MNCs in the News-2017-10-06


At a press conference, Gao Feng, a spokesperson for China’s Ministry of Commerce (MOFCOM) stressed that “there would be no discrimination in Chinese industrial policies.” He further emphasized, as noted in a January State Council document, that “‘The State Council has highlighted equality for both domestic and foreign-funded businesses’” and that “‘China’s industrial policies are aimed at guiding and stimulating industries…and will not distort the market.’” Gao’s remarks follow criticisms from US Commerce Secretary Wilbur Ross about China’s subsidies for new energy vehicles and other sectors (“Chinese Official Reassures Foreign Firms over Equal Treatment,” China Daily, September 29, 2017,

For many reasons, Beijing has been inclined to support state-owned enterprises (SOEs) versus other players like private firms. The impact of this is felt strongly by domestic firms, but foreign firms worry, too, about competing against “heavily subsidized Chinese rivals.” Foreign companies also fret about China’s “Made in China 2025” plan which has identified 10 sectors like advanced medical technology, semiconductors, and new energy vehicles that China wants dominate locally and in which it wants to be competitive globally (Jane Cai, “Private Players Feeling Squeezed Out by Beijing’s Support for State-Owned Companies,” South China Morning Post, October 4, 2017,


The Bain Capital led consortium, which finalized a deal for Toshiba’s memory chip business for USD $18 billion, will continue with purchase arrangements despite litigation by Western Digital, a former US joint venture (JV) partner of the Japanese firm. As part of the deal, Toshiba and Hoya Corp., a Japanese medical technology firm, will hold 51.1 percent of voting rights. Toshiba was forced to sell its chip business due to US safety regulations imposed in 2011 which hurt its nuclear reactor business (Yuri Kageyama, “Bain hoping to settle with Western Digital on Toshiba deal,” Japan Today, October 6, 2017,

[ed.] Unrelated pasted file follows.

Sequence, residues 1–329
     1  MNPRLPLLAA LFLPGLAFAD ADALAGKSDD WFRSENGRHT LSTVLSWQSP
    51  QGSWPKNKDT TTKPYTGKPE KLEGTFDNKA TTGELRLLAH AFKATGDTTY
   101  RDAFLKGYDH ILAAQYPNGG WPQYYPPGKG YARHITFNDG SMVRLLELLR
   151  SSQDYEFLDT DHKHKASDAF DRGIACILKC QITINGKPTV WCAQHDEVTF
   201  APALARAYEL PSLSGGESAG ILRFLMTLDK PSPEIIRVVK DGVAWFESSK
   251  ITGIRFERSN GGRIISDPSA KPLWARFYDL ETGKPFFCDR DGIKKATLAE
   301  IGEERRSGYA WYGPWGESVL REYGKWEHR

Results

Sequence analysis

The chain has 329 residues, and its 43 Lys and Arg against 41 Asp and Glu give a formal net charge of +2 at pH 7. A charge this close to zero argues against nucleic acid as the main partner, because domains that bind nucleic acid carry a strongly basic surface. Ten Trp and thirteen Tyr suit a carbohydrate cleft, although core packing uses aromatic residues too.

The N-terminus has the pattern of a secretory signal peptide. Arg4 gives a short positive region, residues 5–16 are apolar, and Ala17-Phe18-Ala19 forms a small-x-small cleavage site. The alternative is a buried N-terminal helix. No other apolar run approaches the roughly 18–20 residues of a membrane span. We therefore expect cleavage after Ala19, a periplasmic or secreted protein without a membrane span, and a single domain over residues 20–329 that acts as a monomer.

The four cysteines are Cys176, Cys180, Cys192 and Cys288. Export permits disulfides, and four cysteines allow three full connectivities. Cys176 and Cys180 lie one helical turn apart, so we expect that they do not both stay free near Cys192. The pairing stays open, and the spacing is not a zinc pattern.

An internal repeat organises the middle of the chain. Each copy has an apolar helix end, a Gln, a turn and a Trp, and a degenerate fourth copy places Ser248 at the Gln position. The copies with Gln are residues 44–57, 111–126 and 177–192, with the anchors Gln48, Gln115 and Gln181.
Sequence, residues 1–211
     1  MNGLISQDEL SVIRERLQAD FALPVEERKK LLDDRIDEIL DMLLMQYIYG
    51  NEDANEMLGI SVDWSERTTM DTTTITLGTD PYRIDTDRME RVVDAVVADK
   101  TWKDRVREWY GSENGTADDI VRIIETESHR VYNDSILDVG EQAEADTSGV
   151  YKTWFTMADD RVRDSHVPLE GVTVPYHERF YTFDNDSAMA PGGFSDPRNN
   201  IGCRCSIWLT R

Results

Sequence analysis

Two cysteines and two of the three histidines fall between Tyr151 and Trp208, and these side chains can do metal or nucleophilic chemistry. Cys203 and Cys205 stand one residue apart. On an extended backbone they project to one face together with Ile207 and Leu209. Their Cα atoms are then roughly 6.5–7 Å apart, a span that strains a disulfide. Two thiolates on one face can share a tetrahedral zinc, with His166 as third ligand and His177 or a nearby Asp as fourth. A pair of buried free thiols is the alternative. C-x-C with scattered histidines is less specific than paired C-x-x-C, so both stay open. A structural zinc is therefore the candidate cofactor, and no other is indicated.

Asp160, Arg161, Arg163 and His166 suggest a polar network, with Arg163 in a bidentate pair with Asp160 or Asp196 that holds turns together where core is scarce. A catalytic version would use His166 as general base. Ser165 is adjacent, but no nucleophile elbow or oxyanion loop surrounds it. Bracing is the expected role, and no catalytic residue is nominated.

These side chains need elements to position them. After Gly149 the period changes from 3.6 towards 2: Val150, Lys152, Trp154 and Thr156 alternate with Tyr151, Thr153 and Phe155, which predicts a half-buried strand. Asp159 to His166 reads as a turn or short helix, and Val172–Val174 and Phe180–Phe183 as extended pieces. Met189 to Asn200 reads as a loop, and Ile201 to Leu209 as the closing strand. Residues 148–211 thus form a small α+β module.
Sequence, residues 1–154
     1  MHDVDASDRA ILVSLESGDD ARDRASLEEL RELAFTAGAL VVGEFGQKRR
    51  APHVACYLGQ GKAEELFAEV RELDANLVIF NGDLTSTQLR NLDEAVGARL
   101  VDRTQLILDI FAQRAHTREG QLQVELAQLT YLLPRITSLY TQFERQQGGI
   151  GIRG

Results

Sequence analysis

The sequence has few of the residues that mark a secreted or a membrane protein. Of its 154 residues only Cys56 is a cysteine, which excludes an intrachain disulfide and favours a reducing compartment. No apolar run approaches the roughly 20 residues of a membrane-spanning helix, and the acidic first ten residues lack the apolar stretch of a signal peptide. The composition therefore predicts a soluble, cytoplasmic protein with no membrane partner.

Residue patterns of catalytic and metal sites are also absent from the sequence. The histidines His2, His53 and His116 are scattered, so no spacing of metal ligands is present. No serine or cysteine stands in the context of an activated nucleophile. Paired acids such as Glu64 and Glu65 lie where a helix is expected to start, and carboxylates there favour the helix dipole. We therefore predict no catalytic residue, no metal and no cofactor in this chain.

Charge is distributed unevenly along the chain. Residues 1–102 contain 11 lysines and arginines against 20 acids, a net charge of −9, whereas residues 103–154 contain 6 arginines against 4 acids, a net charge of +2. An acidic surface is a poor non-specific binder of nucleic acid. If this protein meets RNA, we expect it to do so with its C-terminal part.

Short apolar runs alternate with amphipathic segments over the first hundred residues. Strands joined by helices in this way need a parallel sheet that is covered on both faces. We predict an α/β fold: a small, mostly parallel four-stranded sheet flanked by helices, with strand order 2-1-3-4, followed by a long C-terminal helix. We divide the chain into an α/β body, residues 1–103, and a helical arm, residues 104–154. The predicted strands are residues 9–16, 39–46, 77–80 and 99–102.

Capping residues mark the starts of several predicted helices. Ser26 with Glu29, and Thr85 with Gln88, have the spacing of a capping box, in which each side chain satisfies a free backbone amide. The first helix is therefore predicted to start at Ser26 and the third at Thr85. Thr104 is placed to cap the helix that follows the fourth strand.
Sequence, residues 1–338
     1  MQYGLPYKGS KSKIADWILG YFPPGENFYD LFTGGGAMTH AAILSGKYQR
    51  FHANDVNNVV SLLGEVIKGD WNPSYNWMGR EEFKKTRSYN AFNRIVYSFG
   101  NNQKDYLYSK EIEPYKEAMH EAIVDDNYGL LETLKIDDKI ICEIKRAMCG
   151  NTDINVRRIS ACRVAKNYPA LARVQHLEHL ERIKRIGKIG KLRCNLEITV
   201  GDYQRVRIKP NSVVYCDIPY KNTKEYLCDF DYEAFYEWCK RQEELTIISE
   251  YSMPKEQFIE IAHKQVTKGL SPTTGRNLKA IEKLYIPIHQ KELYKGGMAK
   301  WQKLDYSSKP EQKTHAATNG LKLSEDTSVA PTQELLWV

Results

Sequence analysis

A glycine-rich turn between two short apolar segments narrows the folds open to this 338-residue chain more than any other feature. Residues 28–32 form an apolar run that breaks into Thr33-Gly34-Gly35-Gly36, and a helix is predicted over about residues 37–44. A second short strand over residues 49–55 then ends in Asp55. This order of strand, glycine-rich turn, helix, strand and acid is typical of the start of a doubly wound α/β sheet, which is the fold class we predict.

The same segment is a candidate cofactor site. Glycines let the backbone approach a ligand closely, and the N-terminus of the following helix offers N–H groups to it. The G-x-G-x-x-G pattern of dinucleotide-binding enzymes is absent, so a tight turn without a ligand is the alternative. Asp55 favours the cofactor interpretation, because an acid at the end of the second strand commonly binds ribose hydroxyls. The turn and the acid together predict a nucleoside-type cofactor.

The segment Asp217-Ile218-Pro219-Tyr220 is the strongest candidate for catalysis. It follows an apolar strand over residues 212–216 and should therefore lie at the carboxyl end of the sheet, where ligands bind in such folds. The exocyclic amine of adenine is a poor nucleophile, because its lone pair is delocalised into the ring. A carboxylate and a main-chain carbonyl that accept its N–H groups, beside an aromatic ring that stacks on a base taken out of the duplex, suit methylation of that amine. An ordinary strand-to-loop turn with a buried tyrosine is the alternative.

Chinese authorities recently announced that Japan’s Honda will recall over 245,000 vehicles in China because of concerns about Takata made air bags. Honda and its Chinese JV partner, Guangqi Honda, will start withdrawing cars equipped with the potentially defective air bags soon. The recall means another setback for Takata which already has recalled over 100 million potentially faulty air bags. In September Honda reached a USD $605 million settlement in a lawsuit over faulty air bags in millions of cars on American roads (“Honda to start mass recall in China over Takata air bags,” Japan Times, October 2, 2017,

South Korea

China’s Ministry of Commerce allowed United States (US) technology firm HP Inc. to buy Samsung Electronics’ printer business for USD $1.1 billion. The sale sparked concerns in China’s government about US control of the domestic printing market, prompting conditions that require HP to report prices to government officials, abstain from investing in other A4 printing companies in China, and to not restrict equipment compatibility. HP hopes the technology and talent it acquired will help it enter the competitive Chinese printing market (“China approves HP’s $1.1 billion buy of Samsung’s printer business with curbs,” Reuters, October 6, 2017,

South Korean appliance makers Samsung Electronics and LG Electronics are investing in US production facilities to fend off Trump administration protectionist tariffs and pressure. Samsung has plans for a USD $380 million factory in South Carolina while LG announced a USD $250 million facility in Tennessee. Whirlpool, a domestic firm, has been lobbying the US government for more protection, filing antidumping lawsuits against the Korean firms, and has filed for a “safeguard petition” to further restrict their access to the US (“Whirlpool’s washer war is balancing act for Trump,” Today Online, October 5, 2017,

US Electric Vehicle (EV) company Tesla Motors is planning to increase its investment in South Korea’s EV infrastructure by building 25 charging stations by the end of 2018. The South Korean government’s Ministry of Environment recently changed its government subsidy program to include EVs that take more than 10 hours to fully charge. The subsidy, thus, now includes Tesla’s Model S 90D sedan, prompting the quick expansion decision by Tesla into the local market and a renewed interest in marketing in South Korea (“Tesla accelerates sales drive in S. Korea amid gov’t subsidies,” Yonhap News Agency, October 1, 2017,